Former Caribou Coffee CEO Michael J. Coles shares an excerpt from his book, “Time to Get Tough: How Cookies, Coffee, and a Crash Led to Success in Business and Life,” written with Catherine Lewis and released in October.
By Michael J. Coles
I wrote this book to help you face your own Goliaths, whatever form they might take. Starting a new company, changing jobs, going back to school, surviving a divorce, or just trying to get back in shape are all stressful events that require courage and commitment. They are all Goliath-like challenges, and the hardest part of facing them is often taking the first step. I’ve always liked the 1990s Nike slogan “Just Do It” because it demands action in the face of uncertainty. That is why the David and Goliath story appeals to me. The point of the story is not David’s victory over Goliath in the Valley of Elah; the point is that David was willing to face him in the first place. We all have the ability to battle giants. The challenge is finding courage to step into the valley.
Prologue | Step into the Valley
I was so close to setting a new ultramarathon cycling record that I could almost taste it. It was the eighth day of the 1983 race, and I was in Arizona, only 488 miles from San Diego. All of the elements for victory were in place. I had trained hard. I had assembled the right crew. I had done all the things that were necessary to break the record I set the year before. At thirty-nine years old, I was in the best shape of my life. I was going faster than I ever thought possible. If I stayed on this pace, I would cross the entire United States in nine days. You could hardly drive much faster.
But instead of breaking the record that year, I broke my collarbone. I was blown off my bike by a dust devil — one of those menacing whirlwinds called “ghost spirits” by the Navajo. When the dust devil struck me and I started falling, I knew it was bad. I hit the asphalt and heard a loud, unmistakable crack — and there I was again, splayed out on the highway. I had been there before, broken and bleeding. In 1977 I was nearly killed in a motorcycle accident, riding home on a damp August evening six weeks after opening Great American Cookies. My partner, Arthur Karp, and I had started the cookie company with only $8,000, and it had become more successful than we ever could have imagined. Then, in a moment, everything changed.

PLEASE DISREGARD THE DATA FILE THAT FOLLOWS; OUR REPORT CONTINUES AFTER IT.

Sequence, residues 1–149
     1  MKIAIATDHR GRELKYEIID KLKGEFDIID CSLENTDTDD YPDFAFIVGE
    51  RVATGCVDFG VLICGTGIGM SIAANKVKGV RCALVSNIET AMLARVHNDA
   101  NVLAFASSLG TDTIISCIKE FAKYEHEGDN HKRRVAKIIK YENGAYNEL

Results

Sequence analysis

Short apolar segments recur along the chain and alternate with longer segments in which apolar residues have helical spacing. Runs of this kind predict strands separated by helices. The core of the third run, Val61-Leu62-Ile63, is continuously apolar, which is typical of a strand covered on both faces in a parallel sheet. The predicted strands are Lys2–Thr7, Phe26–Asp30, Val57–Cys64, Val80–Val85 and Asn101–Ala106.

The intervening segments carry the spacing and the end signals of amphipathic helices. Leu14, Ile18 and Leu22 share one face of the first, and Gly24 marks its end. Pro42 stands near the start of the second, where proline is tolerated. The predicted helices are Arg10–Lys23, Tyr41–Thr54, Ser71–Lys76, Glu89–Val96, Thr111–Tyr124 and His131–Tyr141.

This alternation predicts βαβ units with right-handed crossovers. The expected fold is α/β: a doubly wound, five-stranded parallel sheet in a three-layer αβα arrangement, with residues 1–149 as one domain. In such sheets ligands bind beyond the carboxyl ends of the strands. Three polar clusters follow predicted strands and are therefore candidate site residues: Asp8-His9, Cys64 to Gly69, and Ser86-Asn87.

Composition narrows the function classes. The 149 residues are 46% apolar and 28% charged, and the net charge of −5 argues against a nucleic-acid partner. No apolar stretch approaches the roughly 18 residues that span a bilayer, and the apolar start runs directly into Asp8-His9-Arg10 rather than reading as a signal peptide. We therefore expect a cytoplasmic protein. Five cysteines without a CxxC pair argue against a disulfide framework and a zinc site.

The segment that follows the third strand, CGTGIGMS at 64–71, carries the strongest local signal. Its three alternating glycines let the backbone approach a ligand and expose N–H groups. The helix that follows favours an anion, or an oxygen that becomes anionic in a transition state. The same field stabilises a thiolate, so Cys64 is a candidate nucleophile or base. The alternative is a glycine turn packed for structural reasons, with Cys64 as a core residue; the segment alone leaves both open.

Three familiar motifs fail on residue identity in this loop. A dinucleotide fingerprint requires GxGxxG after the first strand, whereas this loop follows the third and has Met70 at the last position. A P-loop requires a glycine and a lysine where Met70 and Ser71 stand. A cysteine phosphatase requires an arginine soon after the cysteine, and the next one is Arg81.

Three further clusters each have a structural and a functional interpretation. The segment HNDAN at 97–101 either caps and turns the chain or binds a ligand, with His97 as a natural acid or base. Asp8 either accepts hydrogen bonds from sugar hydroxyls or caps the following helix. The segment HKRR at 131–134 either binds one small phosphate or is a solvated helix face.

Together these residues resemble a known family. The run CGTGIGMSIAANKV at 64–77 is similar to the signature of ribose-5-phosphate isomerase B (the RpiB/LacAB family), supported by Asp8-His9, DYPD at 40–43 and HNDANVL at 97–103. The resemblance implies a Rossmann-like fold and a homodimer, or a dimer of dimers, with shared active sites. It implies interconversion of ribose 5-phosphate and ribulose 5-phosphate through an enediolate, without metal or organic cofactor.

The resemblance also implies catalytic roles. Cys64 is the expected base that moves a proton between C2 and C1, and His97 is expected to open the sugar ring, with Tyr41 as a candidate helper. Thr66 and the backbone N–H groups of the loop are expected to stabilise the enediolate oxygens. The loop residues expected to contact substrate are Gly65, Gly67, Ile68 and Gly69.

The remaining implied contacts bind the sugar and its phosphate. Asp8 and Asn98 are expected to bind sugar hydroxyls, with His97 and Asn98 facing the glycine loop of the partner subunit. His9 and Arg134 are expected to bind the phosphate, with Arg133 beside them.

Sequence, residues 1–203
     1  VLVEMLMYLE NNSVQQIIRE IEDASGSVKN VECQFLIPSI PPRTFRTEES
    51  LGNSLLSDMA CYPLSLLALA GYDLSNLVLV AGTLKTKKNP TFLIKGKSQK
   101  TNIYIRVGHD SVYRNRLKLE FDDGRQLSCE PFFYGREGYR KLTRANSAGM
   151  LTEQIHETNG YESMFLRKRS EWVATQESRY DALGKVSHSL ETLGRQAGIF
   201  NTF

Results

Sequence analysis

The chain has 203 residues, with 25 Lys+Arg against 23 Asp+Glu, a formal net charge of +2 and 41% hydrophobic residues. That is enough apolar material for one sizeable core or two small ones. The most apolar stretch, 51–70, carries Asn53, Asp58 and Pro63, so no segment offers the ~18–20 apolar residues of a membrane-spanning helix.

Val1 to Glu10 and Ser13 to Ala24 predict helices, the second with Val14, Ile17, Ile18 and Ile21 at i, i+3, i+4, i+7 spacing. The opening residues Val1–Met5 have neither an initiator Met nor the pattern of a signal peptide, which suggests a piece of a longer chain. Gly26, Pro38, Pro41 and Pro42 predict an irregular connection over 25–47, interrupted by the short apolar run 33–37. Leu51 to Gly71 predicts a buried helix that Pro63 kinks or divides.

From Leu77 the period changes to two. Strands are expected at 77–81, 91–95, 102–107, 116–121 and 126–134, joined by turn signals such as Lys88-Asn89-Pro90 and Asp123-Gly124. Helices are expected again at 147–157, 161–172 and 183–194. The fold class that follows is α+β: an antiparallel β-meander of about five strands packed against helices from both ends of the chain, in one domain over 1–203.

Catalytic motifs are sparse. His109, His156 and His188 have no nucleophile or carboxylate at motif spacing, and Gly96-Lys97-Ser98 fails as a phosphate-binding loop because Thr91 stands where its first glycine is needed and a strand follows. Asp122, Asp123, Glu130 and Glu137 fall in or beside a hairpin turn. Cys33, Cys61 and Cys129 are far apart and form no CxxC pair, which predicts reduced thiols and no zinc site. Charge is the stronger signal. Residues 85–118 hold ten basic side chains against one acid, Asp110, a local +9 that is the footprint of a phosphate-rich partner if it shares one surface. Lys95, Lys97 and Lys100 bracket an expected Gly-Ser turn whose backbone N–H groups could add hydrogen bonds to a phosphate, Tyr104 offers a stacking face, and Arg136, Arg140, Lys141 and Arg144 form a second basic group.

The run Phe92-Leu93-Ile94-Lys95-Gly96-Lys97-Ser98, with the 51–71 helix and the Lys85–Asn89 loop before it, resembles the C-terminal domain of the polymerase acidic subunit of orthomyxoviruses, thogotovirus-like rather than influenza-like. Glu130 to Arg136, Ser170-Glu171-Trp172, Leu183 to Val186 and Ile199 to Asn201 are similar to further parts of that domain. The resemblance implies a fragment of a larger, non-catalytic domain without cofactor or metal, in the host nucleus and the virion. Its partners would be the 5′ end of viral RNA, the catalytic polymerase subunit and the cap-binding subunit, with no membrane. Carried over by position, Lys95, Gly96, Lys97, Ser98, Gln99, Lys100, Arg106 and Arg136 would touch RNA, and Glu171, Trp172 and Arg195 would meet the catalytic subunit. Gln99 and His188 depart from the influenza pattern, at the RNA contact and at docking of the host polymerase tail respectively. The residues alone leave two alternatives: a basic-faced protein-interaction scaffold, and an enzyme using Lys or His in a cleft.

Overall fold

Once again I was facing something unexpected, daunting, and larger than life. I found myself in the shadow of Goliath, the latest of the giants that have haunted me for so many years. But I was not going to be defeated by that dust devil when I was so close to reaching my goal. While waiting for my collarbone to be x-rayed, and even before I told my wife Donna, I started sketching out what I needed to do to prepare for the next race. The doctor told me I could start training immediately, as long as I kept pressure off my shoulder. When I got home, I set my bike on an indoor trainer and started a new regimen that felt eerily familiar. It was only a few years since I first climbed on a stationary bike while trying to recover the full range of motion in my legs after my nearly fatal motorcycle accident. Now I was broken again, but I was back on the bike.
It was a painful process. I needed a stool to get onto the seat. Even the lightest pressure on my right arm brought excruciating pain, so it took everything I had to just stay upright. I finally resorted to saying out loud, “You’ve got to do this. You can’t waste any time. It’s time to get tough.” When I finished that first session, I grabbed a piece of paper and scrawled with my left hand TTGT and taped it on the bathroom mirror. Later that day I told Donna that I needed to make signs with that slogan to put around the house. This was before personal computers were common, so I hired a graphic designer who hand-painted fifty of them on four- and two inch-square card stock. I posted them everywhere, even inside the refrigerator. I gave them to my crew and placed them on all of my bikes and all over my office. Every time I felt like giving up, the abbreviation for “Time to Get Tough” slapped me in the face. And it made all the difference.
Michael J. Coles is the co-founder of the Great American Cookie Company and the former CEO of Caribou Coffee. He did not follow a conventional path into business. He does not have an Ivy League pedigree or an MBA from a top-10 business school. He grew up poor, starting work at the age of 13. He had many false starts and painful defeats, but Coles has a habit of defying expectations. His life and career have been about turning obstacles into opportunities, tragedies into triumphs, and poverty into philanthropy. Michael Coles lived in Detroit from 1968-1971, and this three-year period was very instrumental in his growth as a leader in the business field.
See Michael J. Coles speak at the Detroit Jewish Book Fair on Nov. 8 at 8 a.m. For more information, visit bookfair.jccdet.org/schedule.